At least 54 killed in ethnic clashes in northeast India

At least 54 people have been killed in clashes between rival ethnic groups in India’s remote northeastern state of Manipur, even after the authorities deployed thousands of army troops to restore order.

The violence erupted on Wednesday between the largest single ethnic group in the state, the Meitei, and the Kuki group, after a protest march turned violent following a dispute over who gets the tribal status, which grants extra privileges to the communities.

The rally was organized by the All-Tribal Students Union Manipur, and according to news sources, the fighting started after many chaotic external elements entered the crowd with weapons, and with the intention of inciting clashes.

According to authorities, more than 500 houses were torched along with attacks over churches, temples, and vehicles, as the situation remained volatile on Saturday.

Among the most affected areas of Manipur were Churachandpur, Bishnupur, and Ponpi.

The Indian army in the neighboring state of Nagaland said 13,000 people had sought shelter from the violence.

To contain the violence and maintain order, authorities have deployed thousands of troops in the area and have imposed section 144, which prohibits the assembly of four or more people in an area, an internet blackout, and a shoot-at-sight order in “extreme cases”.

“We have asked army to stage flag marches in violence-hit areas and instructed the forces to take stringent action against anyone involved in violence,” Manipur director general of police, P. Doungel told journalists.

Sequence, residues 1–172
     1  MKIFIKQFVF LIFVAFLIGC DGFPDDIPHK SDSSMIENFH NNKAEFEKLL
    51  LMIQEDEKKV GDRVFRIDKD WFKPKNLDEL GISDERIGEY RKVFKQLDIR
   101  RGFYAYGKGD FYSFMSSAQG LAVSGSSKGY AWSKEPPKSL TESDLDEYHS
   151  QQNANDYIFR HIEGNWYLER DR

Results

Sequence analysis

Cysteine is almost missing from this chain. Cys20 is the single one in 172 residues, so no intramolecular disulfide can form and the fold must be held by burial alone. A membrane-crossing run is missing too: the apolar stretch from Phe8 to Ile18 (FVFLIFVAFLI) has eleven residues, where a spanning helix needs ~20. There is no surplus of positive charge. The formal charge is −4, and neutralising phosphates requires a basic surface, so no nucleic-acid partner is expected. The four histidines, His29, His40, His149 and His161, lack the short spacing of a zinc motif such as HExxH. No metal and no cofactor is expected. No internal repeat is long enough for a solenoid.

The chief minister of the Bharatiya Janata Party (BJP) ruled government in Manipur, N. Biren Singh, is also from the Meitei community, due to which the atmosphere in Manipur has become tense, The Wire reported.

The army says it is bringing the situation under control, but the Hindu-nationalist BJP-led government in the state has been accused of not doing enough to prevent the violence.

The Indian opposition leader, Shashi Tharoor, hailing from the Congress party, blasted the BJP of Manipur for not handling the situation properly and urged to impose ‘President’s rule’ in the violence-hit northeast Indian state.

“As the Manipur violence persists, all right-thinking Indians must ask themselves what happened to the much-vaunted good governance we had been promised. The voters of Manipur are feeling grossly betrayed just a year after putting the BJP in power in their state. It’s time for President’s Rule; the state Govt is just not up to the job they were elected to do,” Tharoor wrote on Twitter.

The members of the indigenous Meitei community, who account for at least 50 percent of the state’s population, have been demanding a Scheduled Tribe (ST) status under the Indian reservation system for years, which would give them access to forest lands along with other reservations at government institutions.

On 19 April, the Manipur high court asked the state government to consider giving tribal status to the Meitei community, after which disapproval arose among the existing tribal communities, including the Kuki community, as they were worried that they may lose control over their ancestral forest land.

The Indian reservation system reserves jobs, college admissions, and elected seats at all levels of government for communities under this category.

This system is an effort to correct historical mistakes that had denied equal opportunities to these communities.

North-East India is mostly known as one of the most culturally diverse regions of the world, as the region is inhabited by more than 200 indigenous tribal communities.

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